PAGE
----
Before you can land a job, you have to fill out applications (unless you land a role through a referral, of course). While scanning seemingly endless job boards for specific roles that you are a good fit for, you may notice openings that look a little bit different. Many startups and tech companies have a General Application to submit your resume for “future consideration”. While we are all familiar with the process of filling out a job application for a specific role, you may be left wondering: is it worth it to apply to a general application? The answer is…it depends.
Steve, an alum of The Commons, threw out this question to our community: “Has anyone had any luck as a candidate or hiring manager with the "general application" option on many job posting pages? Luck includes starting a meaningful dialogue with a company/candidate that you weren't previously connected with, regardless of whether it leads to an actual job.”
The consensus from the community is that if you are going to fill out a general application, it’s important to be proactive and go the extra mile to get noticed through networking. Submitting the general application can be a great conversation starter for this.
Here are a summary of tips from Loren and Aya:
- Reach out to the hiring manager or a team member, and use the general application as a bridge to a conversation with them. You’ll want to target your message directly towards the team you’re interested in joining, as they’ll have the best idea of what type of candidate they’re looking for and are typically the decision makers. You can typically identify the relevant players by searching LinkedIn.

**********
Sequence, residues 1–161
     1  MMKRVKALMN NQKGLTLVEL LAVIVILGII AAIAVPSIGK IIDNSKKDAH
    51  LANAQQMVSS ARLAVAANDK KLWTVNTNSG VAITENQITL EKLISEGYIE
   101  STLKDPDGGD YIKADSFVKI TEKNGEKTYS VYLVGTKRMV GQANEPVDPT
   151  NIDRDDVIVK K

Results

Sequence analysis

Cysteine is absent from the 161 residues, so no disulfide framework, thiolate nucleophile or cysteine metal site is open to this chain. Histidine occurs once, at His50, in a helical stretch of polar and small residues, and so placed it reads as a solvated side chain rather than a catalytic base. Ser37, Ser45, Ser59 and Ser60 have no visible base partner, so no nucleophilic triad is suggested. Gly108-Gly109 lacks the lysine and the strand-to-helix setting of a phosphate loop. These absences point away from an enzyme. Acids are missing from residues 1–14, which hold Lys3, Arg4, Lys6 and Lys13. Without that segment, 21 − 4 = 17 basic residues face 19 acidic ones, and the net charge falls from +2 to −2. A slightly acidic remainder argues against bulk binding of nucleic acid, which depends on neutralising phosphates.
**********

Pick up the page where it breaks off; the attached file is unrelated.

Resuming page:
- Ideally, find a connection to make an introduction, or send a cold DM with a strong hook.
- Do your homework by analyzing the company first, then suggest some opportunities for growth, and how you could help them accomplish those goals.
David, Strategy + Operations Sprint alum, shared his success with this approach: “I have had some success with this as a candidate when paired with a LinkedIn message directly to a Co-Founder as to why I wanted to join the company and what I could bring to the table. It helped me land an interview!”
It’s important to remember that this approach is generally targeting long-tail results. Since there is not a relevant job opening at the moment, it’s unlikely that this approach will lead to landing a role immediately. However, by having genuine conversations with people at companies you find interesting, you’ll learn more about what skills and experiences companies are looking for, refine your ability to tell your story, and grow your network. And ultimately, you want to be at the top of their mind for when a relevant opportunity does arise in the future.